A few years ago we might have thought that this goal number was far out of our reach – but this congregation has shown us again and again that this is not the case.  The generosity of this community has been incredibly inspiring, and ensures that we are in so many ways living up to our mission of truly unleashing courageous love both within and beyond our congregation.

Thank you for being a part of this important and extra-special effort, and hope to see you at the auction on November 11th! Get your tickets here.

Worship Improvements Made Possible By 2016 Auction Funds by Chris Reed

Our goal was to improve the worship experience for everyone, especially to enhance the experience for those in the social hall given our frequent over-flow seating. Here’s a list of all the ways we’ve been able to do this as a result of your generosity:

  • We purchased more hymnals, so we are now able to provide good hymnal coverage for our very largest services.
  • Over the summer, we added live streaming of our services on the Foothills Facebook page. We have been thrilled with the reception that this has received online. Now, if you are traveling, are ill, or simply can’t be in the service for any reason, you can now join with all of us online.  You can find the live streams on our Facebook page approximately 5 minutes before each service begins.
  • We reworked the stage lighting to make the stage more visually accessible.
  • We purchased and installed a new projector in the sanctuary, as well as a large video screen in the social hall.
  • We added a new computer and powerful software to allow us to seamlessly integrate a visual component to our services.

These last two changes mean that you can now expect to see the words to all of the songs we sing on the screen, as well as other readings or pertinent information. The possibilities go far beyond just those items, and we look forward to exploring how this potential can enrich our shared worship experience.  We hope that this makes each element of our services more engaging, and more accessible to every individual joining with us.

The financial resources to create all of these improvements were made possible by your generosity in last year’s auction. Additionally, we were able to stretch those funds so effectively due to the immense generosity of some of our members who spent many hours assisting with this equipment installation.  Wayne Brown, Mike McCarthy, Bruce Wagner, and Rich Roberts were invaluable in making this project happen.

Thank you all so much for helping us to reach more people through our worship services as we continue to unleash courageous love together. I can’t wait to see what becomes possible through your generosity in this year’s auction!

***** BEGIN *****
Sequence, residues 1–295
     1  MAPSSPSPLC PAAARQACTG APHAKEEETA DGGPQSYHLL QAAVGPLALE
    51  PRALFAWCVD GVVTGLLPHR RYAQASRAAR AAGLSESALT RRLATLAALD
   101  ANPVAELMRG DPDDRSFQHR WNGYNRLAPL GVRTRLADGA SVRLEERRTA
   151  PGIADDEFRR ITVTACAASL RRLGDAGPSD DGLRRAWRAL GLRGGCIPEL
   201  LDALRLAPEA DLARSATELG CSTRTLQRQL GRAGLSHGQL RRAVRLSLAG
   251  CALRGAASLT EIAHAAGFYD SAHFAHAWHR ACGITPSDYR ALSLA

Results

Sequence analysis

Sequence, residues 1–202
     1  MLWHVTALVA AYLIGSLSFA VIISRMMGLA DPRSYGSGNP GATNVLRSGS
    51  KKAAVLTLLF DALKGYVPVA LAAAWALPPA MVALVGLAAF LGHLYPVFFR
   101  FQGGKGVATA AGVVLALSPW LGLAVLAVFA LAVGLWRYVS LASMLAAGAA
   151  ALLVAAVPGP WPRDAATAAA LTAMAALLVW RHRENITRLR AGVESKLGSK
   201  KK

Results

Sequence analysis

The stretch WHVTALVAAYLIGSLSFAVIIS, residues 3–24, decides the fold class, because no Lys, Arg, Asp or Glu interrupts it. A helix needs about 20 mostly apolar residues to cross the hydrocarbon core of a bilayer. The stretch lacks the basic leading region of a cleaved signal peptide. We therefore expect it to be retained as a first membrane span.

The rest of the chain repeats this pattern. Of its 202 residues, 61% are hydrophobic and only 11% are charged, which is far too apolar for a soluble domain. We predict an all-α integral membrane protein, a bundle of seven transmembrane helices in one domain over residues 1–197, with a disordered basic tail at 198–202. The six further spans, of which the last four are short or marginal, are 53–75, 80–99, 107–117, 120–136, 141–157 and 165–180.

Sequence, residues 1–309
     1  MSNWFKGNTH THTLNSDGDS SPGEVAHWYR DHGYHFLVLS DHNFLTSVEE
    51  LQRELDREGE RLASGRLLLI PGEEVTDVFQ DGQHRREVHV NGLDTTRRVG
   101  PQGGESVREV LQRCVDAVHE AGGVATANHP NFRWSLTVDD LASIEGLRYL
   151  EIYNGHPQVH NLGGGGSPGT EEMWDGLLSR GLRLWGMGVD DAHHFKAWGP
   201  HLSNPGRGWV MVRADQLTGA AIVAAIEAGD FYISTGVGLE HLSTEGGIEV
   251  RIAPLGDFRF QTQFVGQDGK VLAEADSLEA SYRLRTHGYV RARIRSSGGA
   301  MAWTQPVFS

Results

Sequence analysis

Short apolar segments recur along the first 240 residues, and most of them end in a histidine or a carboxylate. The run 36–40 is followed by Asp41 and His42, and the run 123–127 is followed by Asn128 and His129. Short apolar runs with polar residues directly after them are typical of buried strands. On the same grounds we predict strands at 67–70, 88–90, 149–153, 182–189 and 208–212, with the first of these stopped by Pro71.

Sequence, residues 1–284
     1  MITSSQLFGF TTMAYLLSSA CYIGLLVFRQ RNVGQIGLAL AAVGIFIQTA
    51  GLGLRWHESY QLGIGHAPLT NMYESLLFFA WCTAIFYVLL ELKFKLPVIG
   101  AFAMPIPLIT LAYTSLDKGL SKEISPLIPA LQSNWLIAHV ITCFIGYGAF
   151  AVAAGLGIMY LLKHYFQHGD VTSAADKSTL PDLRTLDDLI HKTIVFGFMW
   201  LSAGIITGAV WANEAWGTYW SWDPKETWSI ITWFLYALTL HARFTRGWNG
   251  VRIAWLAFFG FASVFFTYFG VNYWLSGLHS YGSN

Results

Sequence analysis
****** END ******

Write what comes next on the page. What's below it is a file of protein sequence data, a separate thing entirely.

Summary of Congregational Forum

From the Board Engagement Committee – Ed Beers and Sara Edwards

We had a great Congregational Forum last Sunday, October 15th. We had over 50 people attend as the Board gave an update of their activities and plans. This included reports from the newly established Board Committees – Personnel, Finance, Governance, Board Engagement and Space.  This began with an overview on our new Governance structure, which can be found here.

The Space Committee had the greatest interest from the attendees and many positive comments and ideas were mentioned.  The presentation and handout included data supporting the Board’s belief that, in order to live up to our mission, we need to start planning for a move to a new location.

The presentation was the beginning of a dialogue and engagement effort with the Congregation on dealing with the space issue. Follow-up dialogue sessions are planned for Monday, October 23 at 7 PM in the Triple RE room and Thursday, November 2 at 7 PM in the Triple RE room. Sign up here to attend one or both of these meetings.

Brief updates from the Board Personnel Committee, Finance Committee, Governance Committee and the Board Engagement Committee were also provided.  As you can see from Governance presentation, the management and operations of Personnel and Finance have been delegated to the Ministry with the Board Committee functioning in an oversight role.  One major recent development of the Personnel Ministry Team (as instructed by the Board Care for Staff policies) is the creation of a fully updated Employee Handbook, which can be found here.  The Board Governance Committee will monitor the Board Policy Book and will be the resource for adding or changing policy.

The Board Engagement Committee is charged with ensuring more and improved Board engagement and communication with the Congregation. Three Big Questions (Future Oriented Questions) have been developed by the Board to facilitate discussions and input. The input gained from these conversations will enable the Board to develop a Vision of Shared Ministry – a list of goals for the coming year and beyond.  Look for more information on this coming to your (snail) mail box soon!

This Vision will be the result of a process of gathering and distilling ideas from a wide range of individuals and constituencies within the congregation – and it will be an iterative process that will likely roll easily from one year into the next. In all cases, it will get to the heart of who we are and where we are going. There will be numerous opportunities for you to participate and provide your input.

Keep in touch with our Leadership Blog and we will be providing more detail on these initiatives and all the work of the Board over the next several months.  Also if you ever want or need to access any of the documents related to Board work, you can follow this link for our archive.